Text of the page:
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  1. #1
    Junior Member
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    Looking to replace some tires

    Hello all.
    I have a '98 Cannondale Silk Path 300.
    I've used it for a mix of on- and light off-road use (not surprisingly, considering it's a hybrid); most of what I've used it for the past couple of years has been largely road of varying conditions, though I haven't given up on unpaved trails.

    It currently has 700x38c tires that I'm looking to replace; the sets I've been considering (Schwalbe Marathon Supremes) run either 700x35c or 700x40c. I've considered going for the 35c's, mainly because I'm having an easier time finding them. The slightly lower rolling resistance over the 40c's will be nice, but am I giving up long distance comfort? Or is the difference too slight?

  2. #2
    Insane Bicycle Mechanic Jeff Wills's Avatar
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    Quote Originally Posted by Scott_R View Post
    It currently has 700x38c tires that I'm looking to replace; the sets I've been considering (Schwalbe Marathon Supremes) run either 700x35c or 700x40c. I've considered going for the 35c's, mainly because I'm having an easier time finding them. The slightly lower rolling resistance over the 40c's will be nice, but am I giving up long distance comfort? Or is the difference too slight?
    With those tires, you'll have a hard time telling the difference between the two sizes with everything else being equal. If you want a softer ride (hard to believe on a Silk Road), lowering the tire pressure will make more difference than any change in tire size.
    Jeff Wills

    All my bikes.

  3. #3
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    Thanks. I ended up getting the 35's for the same reason I'd mentioned: easier to find.

  4. #4
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    Next time try the Panaracer Parcels TG's. I have had good luck with them.

  5. #5
    aka Phil Jungels Wanderer's Avatar
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    A man after my own heart....

    I lucked out buying 2 sets of Supremes over a one month period. A set of 40s came first (to replace 45 OEMs) and I mounted them up. I was happy!

    Then, the 35s arrived, so I decided to try them.

    I found them a little harsh, after riding the 40s, but would have been pleased with them if I only had them.

    Here's the difference - the 40s ride "softer" at the very slight expense of handling - not that they are bad, by any means - they were a BIG improvement over my 45s. It's just that the 35s are quicker steering, and more precise. They are also more harsh.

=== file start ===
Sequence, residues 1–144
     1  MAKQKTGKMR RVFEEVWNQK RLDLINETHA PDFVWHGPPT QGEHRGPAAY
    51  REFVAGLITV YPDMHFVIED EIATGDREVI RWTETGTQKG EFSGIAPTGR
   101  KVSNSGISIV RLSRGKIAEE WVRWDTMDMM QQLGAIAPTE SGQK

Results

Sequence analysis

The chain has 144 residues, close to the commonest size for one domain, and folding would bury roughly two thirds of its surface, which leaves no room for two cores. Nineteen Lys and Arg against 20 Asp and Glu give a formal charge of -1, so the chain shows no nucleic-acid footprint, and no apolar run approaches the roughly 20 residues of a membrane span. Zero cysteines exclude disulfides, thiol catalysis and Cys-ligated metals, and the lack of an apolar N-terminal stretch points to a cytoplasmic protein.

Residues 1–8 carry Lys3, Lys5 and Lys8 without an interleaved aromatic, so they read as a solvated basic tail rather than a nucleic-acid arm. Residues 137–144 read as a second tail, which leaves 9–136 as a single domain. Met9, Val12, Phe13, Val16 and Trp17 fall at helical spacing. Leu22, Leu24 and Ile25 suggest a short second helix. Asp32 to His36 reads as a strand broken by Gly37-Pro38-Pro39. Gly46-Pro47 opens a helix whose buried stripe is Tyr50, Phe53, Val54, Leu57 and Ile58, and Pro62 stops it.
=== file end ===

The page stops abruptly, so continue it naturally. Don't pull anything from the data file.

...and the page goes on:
While switching them bacK - I just happened to do the rear first, and then took it for a ride ---- WOW --- transformation.

    The 35 on the front kept the better handling, without transferring the harshness that the 35 gave to the rear. The 40 on the rear, gave back the better ride, without sacrificing the quicker handling. I also have another set, just like them, in the basement, for when I need them. I even bought an extra 40, a couple weeks ago, since I go thru more rears than fronts.

    You would love this combo, but in all honesty, I would be very pleased with either on. I pump mine to 90-92 PSI (they are 85PSI tires) for the MUCH improved roll - amazing difference, really. And they still ride nice. I weigh 190#, bike weighs about 40#.

    Niagara had the 40s on sale a couple weeks ago for $27, which was a killer deal - if they still have them, snatch em up. Then keep your eys open on their site, for when they put 32s or 35s on sale, and pick up a pair of them. Either way, you will be VERY HAPPY with these tires.

    edit: as a frame of reference - I got my 40s on sale originally, for $38 each, and stumbled onto the 35s for $28 each, and figured, for that price, I could wear out a set.... LOL ---- finding them (40s) a few weeks ago for $27, was a nice bonus.

    A few weeks ago (I check Niagara's site often) I saw the 40s on sale, so decided to buy one extra. I probably should have bought two. I was watching their site for a friend who wants 32s when I find them... at a good price.... LOL

    You will love them, in whatever size you end up with - but the 90-92 PSI is a huge improvement on tires that already roll nice at 85. Increasing the pressure higher than that, resulted in no more improvement.
    Last edited by Wanderer; 05-16-10 at 10:08 AM.

    "Retirement is the best job I ever had!" Me, 2009


    Specialized Crosstrail Sport - '08
    Nishiki Sport - misappropriated from my youngest son (circa 1984)
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    "The Beast" - 1990 Schwinn Airdyne (in the basement for winter torture)

  6. #6
    Asi
    Asi is offline
    Engineer Asi's Avatar
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    I first got 45tires on a "drop bar-ed city bike" a road bike with attachments for rack, covers, chainguard, dynamo, and it could fit big tires (like 45) long reach center pull caliper, etc - like a drop bar-ed hybrid.
    then switched to 40, than to 35, than to 32, and one of the 32 was in fact 28 (measured) but labeled as 32, than kept with 28 (until i found a 24 labeled as 28) now on this bike i have 23.

    On another bike i have 20.. i use them most in the city, and surroundings.

    on the track i use 18 -20 (tubular tire)

    I found that with bigger tires the force to spin the wheels fast is significantly increased, and the lightness of smaller tires combined with single wall aluminum rims and 32spokes is great for the city (i do ride on all the lanes betwwen cars and i frequently go at the same speed, 40-50km/h, and for that i need small/lite tires.

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